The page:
Lawson Cottage in the Blue Mountains, was established by the Sydney City Mission in 1927. It housed groups of girls and boys from Sydney alternately for short periods. In 1929, Stonehaven at Springwood opened as a girls' Home and boys remained at Lawson. This soon reversed and girls returned to Lawson Cottage until the girls' home, Mt Gibraltar, was opened at Bowral in 1930.
Lawson Cottage was originally used by the Sydney City Mission as a Missionaries Rest Home. It was located at Lawson the Blue Mountains, west of Sydney. In the years after World War I, the cottage was rarely used. After an unsuccessful attempt to sell the property, the Mission's Council decided to use it for the care of children.
A newspaper article from 1927 states that the cottage of eight rooms was named "Stonbee" after the superintendent of South Sydney Mission, Harold Stonham Bowden, and Mr. Beeson of Turramurra.
Begun as something of an experiment, the Lawson Cottage proved very successful and led to the establishment of much larger and grander children's homes for long-term care. The first residents, seven young girls, arrived in April 1927 and stayed for three months. They were followed by a group of boys and a pattern of caring for girls and boys alternately developed. In 1929 Stonehaven at Springwood was opened as a girls' home, while boys remained at Lawson. This arrangement was soon reversed, and the girls returned to Lawson until Mt Gibraltar at Bowral was opened.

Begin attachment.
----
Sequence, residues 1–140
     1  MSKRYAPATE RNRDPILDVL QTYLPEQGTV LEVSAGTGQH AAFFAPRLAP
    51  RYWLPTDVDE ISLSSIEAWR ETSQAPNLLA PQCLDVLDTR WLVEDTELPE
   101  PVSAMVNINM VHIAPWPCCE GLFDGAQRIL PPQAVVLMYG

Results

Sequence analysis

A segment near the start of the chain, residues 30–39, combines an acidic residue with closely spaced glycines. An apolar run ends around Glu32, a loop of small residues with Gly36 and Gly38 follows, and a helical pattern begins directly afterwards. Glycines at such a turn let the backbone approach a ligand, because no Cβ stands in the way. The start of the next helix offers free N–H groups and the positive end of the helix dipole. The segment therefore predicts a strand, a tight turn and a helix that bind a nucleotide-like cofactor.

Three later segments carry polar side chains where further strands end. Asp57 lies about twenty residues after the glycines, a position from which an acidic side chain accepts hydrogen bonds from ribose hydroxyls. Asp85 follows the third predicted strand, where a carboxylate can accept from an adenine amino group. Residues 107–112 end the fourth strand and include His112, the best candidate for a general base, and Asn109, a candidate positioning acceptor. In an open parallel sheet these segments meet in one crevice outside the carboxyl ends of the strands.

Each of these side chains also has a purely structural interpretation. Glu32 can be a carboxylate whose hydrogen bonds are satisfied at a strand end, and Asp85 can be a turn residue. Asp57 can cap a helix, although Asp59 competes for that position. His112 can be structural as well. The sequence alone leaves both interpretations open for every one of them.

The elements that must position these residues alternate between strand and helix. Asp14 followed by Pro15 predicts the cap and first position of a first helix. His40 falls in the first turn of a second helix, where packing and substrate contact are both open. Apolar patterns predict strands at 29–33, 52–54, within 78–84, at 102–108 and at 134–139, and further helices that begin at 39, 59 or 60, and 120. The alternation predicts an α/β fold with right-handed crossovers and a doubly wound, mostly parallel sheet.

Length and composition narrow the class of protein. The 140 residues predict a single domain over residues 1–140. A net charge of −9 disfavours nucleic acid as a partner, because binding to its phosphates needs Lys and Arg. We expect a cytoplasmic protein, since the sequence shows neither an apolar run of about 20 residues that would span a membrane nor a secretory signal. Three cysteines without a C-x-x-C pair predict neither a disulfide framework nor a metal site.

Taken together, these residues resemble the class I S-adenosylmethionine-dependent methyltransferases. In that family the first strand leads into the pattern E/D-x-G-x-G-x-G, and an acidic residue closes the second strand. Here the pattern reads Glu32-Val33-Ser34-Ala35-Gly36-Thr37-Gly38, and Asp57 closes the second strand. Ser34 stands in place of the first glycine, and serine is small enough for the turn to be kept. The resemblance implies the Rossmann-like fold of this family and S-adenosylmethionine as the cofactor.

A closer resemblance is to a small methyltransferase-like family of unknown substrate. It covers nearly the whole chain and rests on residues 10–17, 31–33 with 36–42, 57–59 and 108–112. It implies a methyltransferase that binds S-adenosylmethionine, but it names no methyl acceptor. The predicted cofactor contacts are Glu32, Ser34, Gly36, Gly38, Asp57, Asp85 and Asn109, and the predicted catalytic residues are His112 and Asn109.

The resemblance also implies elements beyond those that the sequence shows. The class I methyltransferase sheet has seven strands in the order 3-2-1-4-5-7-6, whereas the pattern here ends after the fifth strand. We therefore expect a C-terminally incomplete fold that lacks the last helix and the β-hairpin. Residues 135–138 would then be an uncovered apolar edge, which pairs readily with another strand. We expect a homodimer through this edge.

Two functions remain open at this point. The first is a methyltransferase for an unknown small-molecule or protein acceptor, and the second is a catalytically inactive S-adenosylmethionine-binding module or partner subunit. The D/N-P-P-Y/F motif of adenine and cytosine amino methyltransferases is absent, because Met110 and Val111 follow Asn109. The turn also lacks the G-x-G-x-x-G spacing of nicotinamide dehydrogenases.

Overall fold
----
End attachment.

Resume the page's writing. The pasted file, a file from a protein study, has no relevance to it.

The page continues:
Sources used to compile this entry: '"Stonbee"', The Methodist, 10 December 1927, p. 16, http://nla.gov.au/nla.news-article155364201; Owen, June, The Heart of the City: the first 125 years of the Sydney City Mission, Kangaroo Press, 1987; Thinee, Kristy and Bradford, Tracy, Connecting Kin: Guide to Records, A guide to help people separated from their families search for their records [completed in 1998], New South Wales Department of Community Services, Sydney, New South Wales, 1998, https://insideblog.nma.gov.au/2011/02/11/connecting-kin/.
Prepared by: Melissa Downing
Created: 21 March 2011, Last modified: 23 January 2018